[activemq-dev] DefaultWireFormat vulnerable on Internet

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[activemq-dev] DefaultWireFormat vulnerable on Internet

Hakan Guleryuz-2
Hi,

First of all I would like to thank everyone involved in this great
effort. ActiveMQ is a great and very well designed software. We are
using and tweaking it with great pleasure and joy, and learning a lot
from it as well.

This is my first post, and I would like to point out an issue that
causes the server to stop functioning with java.lang.OutOfMemoryError.
The issue is spotted on ActiveMQ-3.0 but looking at the release source
code for ActiveMQ-3.1, it still exists in it as well.
The issue makes the server very vulnerable towards random garbage data,
port scanners, worms, and others nasty stuff on the internet.
We had our servers go down for no reason in a few days until we spotted
the reason.
(one could argue why we open the port 61616 on internet or a big LAN,
but our case requires it)

A simple demonstration is the following:
do a telnet to port 61616, and then type
 > 'SPACE' (ASCII 32) 'a' 's' 'd' 'f'

What will happen is the following:
ASCII 32 will match "Packet type"
public static final int CACHED_VALUE_COMMAND = 32;

and then
"readPacket(DataInput dataIn, PacketReader reader)"
method of "DefaultWireFormat" will be called
which in return will parse 'a' 's' 'd' 'f' as an int in line 123:
        int length = dataIn.readInt();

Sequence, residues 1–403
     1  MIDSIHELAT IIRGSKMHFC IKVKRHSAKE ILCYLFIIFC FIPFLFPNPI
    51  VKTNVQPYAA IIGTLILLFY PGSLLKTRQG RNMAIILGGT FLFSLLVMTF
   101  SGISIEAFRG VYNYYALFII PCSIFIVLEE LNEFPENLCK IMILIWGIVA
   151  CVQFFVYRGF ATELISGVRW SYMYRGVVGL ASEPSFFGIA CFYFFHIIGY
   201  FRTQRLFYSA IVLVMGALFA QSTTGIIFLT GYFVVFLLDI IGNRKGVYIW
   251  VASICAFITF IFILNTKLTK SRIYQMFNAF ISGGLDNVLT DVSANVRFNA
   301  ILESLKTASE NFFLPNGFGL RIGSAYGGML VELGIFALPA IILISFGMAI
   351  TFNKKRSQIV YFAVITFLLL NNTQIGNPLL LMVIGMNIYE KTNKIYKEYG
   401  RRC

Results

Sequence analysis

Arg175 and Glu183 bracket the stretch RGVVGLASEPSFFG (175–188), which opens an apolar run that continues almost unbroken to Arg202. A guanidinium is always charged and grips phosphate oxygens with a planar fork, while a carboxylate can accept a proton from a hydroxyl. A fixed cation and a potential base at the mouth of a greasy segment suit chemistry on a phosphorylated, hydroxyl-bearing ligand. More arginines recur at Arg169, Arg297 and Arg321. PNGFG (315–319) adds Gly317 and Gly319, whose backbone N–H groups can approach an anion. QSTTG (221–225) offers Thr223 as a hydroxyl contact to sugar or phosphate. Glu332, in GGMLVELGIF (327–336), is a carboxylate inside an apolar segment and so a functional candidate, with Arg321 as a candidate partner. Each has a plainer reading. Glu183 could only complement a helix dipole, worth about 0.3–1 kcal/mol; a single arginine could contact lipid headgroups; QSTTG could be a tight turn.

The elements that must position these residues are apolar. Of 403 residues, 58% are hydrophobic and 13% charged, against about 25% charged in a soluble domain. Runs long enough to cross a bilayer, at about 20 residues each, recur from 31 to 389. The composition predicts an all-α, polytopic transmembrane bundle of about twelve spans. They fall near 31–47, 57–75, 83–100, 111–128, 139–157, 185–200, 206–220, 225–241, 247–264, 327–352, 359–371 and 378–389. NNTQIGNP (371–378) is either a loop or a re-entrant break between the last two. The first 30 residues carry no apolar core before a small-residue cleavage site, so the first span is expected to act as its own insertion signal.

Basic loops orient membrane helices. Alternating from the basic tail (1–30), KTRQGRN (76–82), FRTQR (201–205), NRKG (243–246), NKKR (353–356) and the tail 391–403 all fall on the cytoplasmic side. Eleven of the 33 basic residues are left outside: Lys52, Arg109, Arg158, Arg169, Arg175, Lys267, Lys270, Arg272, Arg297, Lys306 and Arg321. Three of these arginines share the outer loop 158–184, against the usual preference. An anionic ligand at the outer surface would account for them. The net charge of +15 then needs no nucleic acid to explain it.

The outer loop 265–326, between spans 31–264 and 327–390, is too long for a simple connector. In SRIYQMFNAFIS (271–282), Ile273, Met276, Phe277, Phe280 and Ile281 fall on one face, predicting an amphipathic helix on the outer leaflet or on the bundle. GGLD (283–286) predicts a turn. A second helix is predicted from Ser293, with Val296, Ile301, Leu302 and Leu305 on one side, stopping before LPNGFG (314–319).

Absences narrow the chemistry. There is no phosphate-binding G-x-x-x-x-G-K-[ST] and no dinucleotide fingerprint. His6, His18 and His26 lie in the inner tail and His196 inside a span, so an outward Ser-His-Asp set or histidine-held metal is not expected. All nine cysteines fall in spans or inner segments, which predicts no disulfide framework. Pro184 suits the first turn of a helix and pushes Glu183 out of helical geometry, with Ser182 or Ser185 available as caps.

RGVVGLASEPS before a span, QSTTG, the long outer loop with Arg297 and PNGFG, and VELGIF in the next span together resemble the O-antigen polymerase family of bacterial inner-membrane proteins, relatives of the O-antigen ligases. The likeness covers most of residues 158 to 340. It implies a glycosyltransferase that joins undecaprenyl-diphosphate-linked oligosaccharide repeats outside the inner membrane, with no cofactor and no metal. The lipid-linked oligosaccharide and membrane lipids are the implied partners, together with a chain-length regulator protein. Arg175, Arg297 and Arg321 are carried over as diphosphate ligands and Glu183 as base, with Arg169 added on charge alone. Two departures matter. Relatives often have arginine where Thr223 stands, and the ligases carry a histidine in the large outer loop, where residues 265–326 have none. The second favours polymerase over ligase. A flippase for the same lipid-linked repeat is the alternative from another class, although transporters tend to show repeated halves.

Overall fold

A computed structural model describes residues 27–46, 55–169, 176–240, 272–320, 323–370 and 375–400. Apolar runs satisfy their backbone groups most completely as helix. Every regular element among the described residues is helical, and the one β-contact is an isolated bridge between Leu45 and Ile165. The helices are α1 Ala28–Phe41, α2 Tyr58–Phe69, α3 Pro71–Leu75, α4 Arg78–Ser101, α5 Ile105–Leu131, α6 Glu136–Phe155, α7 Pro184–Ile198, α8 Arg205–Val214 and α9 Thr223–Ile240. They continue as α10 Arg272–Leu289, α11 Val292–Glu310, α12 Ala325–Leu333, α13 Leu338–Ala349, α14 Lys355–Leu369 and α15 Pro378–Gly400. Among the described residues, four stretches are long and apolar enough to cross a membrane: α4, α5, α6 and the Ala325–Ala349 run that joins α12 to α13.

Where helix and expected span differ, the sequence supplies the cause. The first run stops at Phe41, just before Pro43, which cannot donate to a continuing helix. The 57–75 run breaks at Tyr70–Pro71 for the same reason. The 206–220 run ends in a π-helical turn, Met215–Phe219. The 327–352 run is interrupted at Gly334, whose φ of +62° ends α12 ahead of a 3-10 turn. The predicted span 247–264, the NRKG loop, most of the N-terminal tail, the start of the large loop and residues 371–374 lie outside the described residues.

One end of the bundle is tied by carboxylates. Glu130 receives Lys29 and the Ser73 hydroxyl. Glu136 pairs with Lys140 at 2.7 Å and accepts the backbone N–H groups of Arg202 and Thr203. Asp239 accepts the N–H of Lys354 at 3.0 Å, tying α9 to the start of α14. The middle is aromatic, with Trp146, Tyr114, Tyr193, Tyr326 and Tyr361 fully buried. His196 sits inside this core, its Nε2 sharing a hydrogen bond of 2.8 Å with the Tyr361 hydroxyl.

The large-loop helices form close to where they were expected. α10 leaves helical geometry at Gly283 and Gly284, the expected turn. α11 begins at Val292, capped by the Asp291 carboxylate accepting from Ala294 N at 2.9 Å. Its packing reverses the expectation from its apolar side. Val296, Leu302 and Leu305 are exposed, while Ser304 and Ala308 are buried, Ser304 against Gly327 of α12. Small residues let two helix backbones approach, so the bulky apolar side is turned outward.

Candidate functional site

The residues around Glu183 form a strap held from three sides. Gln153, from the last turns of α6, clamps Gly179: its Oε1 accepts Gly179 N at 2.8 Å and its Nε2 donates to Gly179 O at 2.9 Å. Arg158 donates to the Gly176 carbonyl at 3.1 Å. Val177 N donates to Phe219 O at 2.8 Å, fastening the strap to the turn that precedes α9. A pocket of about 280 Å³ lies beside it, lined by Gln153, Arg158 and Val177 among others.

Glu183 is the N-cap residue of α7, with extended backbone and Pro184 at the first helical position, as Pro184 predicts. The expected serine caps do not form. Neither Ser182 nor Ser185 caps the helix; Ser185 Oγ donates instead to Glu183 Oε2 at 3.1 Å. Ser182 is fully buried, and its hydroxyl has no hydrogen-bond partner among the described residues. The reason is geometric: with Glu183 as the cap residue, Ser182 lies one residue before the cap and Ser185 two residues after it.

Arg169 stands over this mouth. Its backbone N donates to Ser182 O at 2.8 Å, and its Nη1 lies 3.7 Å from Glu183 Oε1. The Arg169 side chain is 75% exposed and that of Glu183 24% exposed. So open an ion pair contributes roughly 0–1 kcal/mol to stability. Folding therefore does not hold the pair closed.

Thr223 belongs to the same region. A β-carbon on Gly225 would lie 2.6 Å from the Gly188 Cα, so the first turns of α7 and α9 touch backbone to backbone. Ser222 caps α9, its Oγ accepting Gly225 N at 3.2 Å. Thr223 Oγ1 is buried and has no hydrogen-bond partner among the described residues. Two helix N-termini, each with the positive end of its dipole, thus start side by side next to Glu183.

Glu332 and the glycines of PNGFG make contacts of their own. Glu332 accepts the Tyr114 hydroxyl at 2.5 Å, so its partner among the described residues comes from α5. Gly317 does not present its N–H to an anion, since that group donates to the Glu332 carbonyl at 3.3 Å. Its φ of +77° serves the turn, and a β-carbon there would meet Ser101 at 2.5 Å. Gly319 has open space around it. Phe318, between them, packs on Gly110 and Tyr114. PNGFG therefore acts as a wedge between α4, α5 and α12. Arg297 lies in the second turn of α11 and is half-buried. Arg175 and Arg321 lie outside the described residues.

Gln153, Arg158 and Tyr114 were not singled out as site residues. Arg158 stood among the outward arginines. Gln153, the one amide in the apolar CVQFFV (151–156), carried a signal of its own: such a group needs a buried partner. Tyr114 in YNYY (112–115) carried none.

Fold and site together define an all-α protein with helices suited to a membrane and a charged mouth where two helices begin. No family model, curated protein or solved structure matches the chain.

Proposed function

then will try to allocate a byte buffer of "length"
        byte[] data = new byte[length];
which will cause a java.lang.OutOfMemory exception on the server.

Our version of "readPacket" method of "DefaultWireFormat" currently
looks like this:

     protected synchronized final Packet readPacket(DataInput dataIn,
PacketReader reader) throws IOException {
         synchronized (readMutex) {
             Packet packet = reader.createPacket();
             int length = dataIn.readInt();

             //********************<START> ADDED by
ASPone***********************//
             // We must validate this length is within limits for all
packets
             // This hardens the server in case of random TCP/IP attacks
and worms
             if (length > 1024*256 /* 256k */) {
                 String errStr = "Invalid packet length: " + length + "
(PacketType=" + reader.getPacketType() + ")";
                 log.error(errStr);
                 throw new IOException(errStr);
             }
             //********************<END> ADDED by
ASPone***********************//

             packet.setMemoryUsage(length);
             byte[] data = new byte[length];
             dataIn.readFully(data);
             //then splat into the internal datainput
             internalBytesIn.restart(data);
             reader.buildPacket(packet, internalDataIn);
             return packet;
         }
     }

This is not the best solution. Restricting all packets to be at most
256k in size. I know it should be more intelligent than this. The packet
type is known at this point, and a length sanity check could be done per